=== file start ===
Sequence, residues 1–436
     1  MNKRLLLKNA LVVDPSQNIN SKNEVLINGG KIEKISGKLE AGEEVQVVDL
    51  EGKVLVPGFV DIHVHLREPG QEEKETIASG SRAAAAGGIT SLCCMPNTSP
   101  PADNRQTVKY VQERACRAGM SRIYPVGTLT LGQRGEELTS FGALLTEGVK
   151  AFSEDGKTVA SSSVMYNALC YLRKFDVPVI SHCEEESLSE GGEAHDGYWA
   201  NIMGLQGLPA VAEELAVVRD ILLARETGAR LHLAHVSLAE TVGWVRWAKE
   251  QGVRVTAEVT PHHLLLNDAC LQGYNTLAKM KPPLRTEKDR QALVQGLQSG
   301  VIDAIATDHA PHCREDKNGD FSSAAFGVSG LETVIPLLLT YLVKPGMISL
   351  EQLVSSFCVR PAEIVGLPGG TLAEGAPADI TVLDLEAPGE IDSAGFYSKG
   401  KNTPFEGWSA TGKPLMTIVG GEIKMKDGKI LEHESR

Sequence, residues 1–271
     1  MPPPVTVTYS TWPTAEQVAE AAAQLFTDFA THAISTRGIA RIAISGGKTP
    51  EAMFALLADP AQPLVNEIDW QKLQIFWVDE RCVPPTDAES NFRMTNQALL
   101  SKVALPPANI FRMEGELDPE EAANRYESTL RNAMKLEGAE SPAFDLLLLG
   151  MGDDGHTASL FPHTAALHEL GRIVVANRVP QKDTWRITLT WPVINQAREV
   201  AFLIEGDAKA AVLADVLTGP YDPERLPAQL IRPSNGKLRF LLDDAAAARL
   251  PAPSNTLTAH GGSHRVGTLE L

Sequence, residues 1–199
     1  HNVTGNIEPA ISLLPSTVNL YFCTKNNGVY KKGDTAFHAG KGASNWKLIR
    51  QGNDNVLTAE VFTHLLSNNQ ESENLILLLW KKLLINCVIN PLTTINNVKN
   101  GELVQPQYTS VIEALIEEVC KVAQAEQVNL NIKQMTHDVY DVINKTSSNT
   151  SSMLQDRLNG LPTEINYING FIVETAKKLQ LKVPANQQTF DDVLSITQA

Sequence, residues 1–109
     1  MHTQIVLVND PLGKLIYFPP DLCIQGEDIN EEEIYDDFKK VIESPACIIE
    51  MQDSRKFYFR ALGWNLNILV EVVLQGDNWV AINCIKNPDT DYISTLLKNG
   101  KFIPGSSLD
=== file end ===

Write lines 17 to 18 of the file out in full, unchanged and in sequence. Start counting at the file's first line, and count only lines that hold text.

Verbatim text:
   251  PAPSNTLTAH GGSHRVGTLE L

Sequence, residues 1–199